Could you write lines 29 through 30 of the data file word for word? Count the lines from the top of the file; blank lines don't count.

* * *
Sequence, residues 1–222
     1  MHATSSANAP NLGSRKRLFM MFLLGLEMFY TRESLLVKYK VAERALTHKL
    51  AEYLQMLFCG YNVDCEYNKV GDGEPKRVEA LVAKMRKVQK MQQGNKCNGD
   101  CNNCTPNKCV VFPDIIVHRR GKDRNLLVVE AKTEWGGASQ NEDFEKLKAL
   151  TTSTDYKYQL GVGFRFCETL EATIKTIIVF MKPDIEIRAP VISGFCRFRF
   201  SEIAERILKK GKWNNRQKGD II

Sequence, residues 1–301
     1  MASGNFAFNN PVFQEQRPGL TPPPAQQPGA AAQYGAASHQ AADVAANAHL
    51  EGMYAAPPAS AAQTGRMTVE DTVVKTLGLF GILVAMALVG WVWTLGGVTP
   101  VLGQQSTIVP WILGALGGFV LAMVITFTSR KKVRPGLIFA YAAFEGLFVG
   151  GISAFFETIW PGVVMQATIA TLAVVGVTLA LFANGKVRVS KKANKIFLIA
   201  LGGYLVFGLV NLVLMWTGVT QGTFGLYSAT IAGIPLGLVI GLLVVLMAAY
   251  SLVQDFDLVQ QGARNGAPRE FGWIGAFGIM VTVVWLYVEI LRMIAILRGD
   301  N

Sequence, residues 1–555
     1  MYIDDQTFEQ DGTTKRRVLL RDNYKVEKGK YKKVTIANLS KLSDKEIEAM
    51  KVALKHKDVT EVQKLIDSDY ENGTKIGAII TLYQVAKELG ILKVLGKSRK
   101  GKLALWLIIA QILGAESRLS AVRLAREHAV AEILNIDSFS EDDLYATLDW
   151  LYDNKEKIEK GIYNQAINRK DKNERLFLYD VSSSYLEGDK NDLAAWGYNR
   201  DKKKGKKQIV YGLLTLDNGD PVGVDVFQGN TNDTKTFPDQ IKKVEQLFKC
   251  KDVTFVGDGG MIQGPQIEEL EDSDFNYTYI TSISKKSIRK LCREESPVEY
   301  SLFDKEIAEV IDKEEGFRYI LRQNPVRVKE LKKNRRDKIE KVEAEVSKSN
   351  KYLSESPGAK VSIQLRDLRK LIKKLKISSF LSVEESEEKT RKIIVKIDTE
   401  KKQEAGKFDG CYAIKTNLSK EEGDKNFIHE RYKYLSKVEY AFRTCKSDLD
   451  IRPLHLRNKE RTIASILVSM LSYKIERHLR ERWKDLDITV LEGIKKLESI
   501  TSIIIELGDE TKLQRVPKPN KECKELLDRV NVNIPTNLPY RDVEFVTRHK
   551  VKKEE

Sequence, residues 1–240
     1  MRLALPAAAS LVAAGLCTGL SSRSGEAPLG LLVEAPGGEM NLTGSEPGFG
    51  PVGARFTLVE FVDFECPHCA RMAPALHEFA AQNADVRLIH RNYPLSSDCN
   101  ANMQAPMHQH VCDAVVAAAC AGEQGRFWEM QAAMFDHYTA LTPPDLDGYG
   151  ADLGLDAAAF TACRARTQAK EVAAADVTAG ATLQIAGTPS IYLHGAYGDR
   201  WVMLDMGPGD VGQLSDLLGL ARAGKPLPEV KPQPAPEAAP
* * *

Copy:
     1  MRLALPAAAS LVAAGLCTGL SSRSGEAPLG LLVEAPGGEM NLTGSEPGFG
    51  PVGARFTLVE FVDFECPHCA RMAPALHEFA AQNADVRLIH RNYPLSSDCN